music review

At the Garden, Pink dares to be great

Pink in concert with her dancers in Minnesota in February.
Pink in concert with her dancers in Minnesota in February. Kevin Mazur/Getty Images

Pity the poor choreographer who worked hard on the stage moves for “Get the Party Started,” which opened Pink’s Monday performance at TD Garden (the first of two sold-out nights), because nobody was looking at the dancers. Not when the singer herself, clad in a silver sequined bodysuit that turned her into a human mirror ball, was already swinging from a chandelier as the stage curtain dropped. She proceeded to sing her antsy arrival jam as she dangled upside down, bounced to the floor and was slingshotted back up.

None of this is new, of course. But the fact remains that no other pop star is even attempting this sort of thing, so to watch Pink do it and keep singing remains as astonishing as when she first added literal acrobatics without a harness or net to her arsenal years ago. Which is what so many of her songs are about, in fact: celebrating who you are, even if (especially if) who you are makes you unlike anybody else.


That’s also what kept the concert from being all spectacle with no heart. “Beautiful Trauma” came early, its music all sparkles, yearning and empathy, and the latter poured out of Pink throughout the show. She could be wounded and open in the ache of “Who Knew” and the hurt and questioning of “For Now,” but she could also fit a wide embrace into more celebratory material like “Raise Your Glass.”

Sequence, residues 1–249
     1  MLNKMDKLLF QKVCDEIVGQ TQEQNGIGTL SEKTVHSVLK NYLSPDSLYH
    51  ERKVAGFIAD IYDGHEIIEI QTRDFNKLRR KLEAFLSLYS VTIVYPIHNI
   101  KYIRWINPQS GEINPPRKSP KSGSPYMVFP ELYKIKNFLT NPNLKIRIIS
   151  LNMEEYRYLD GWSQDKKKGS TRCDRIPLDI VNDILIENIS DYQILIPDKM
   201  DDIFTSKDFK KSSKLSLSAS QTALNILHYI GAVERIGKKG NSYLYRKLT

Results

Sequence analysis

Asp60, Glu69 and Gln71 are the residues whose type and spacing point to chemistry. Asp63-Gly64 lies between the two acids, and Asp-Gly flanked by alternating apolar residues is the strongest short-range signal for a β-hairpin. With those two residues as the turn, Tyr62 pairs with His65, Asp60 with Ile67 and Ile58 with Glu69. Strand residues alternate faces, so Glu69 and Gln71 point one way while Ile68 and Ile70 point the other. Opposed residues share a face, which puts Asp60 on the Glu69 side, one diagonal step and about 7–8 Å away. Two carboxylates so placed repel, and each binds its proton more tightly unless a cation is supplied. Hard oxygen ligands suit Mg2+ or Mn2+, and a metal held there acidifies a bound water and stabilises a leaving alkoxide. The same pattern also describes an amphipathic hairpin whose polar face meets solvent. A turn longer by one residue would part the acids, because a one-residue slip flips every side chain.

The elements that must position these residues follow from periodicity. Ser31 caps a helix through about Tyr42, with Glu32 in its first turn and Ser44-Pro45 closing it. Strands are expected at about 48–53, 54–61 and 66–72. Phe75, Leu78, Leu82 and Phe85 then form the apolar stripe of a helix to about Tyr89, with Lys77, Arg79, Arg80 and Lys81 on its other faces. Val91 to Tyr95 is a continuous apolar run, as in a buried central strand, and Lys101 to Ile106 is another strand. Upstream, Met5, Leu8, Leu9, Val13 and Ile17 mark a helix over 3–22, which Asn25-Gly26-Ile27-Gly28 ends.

She wasn’t afraid to go for the jugular, however. The sharply low-key strut of “Revenge” had teeth (as well as a massive inflatable Eminem puppet rapping as the singer flew around it), while “Just Like a Pill” was hard-charging and buoyant, and “Smells Like Teen Spirit” successfully packed the roaring thunder of Nirvana (Kurt Cobain would have loved Pink). And she mashed up her own “Funhouse” with No Doubt’s “Just a Girl,” a song that makes far more sense coming from her than it ever did from a sporty kewpie doll like Gwen Stefani.


Pink pulled out all the stops for her penultimate number, a Cirque du “So What” — where a rotating harness sent her careening overhead to the farthest reaches of the Garden while periodically landing her precisely atop her exact marks on cue — all while she owned her failures and forcefully declared her rock stardom. But she closed with the magic breathlessness of “Glitter in the Air,” just the singer in baggy jeans and a casual white top doing nothing but standing center stage and singing her heart out.

Opening act Bleachers declared “We’re Bleachers, we’re from New Jersey,” but they hardly need to have bothered. The band’s sax-infused mega-anthems signified Bruce Springsteen minus the shading, all pumping fists exploding with joy.


With Bleachers and KidCutUp

At: TD Garden, Monday

Marc Hirsh can be reached at officialmarc@gmail.com or on Twitter @spacecitymarc.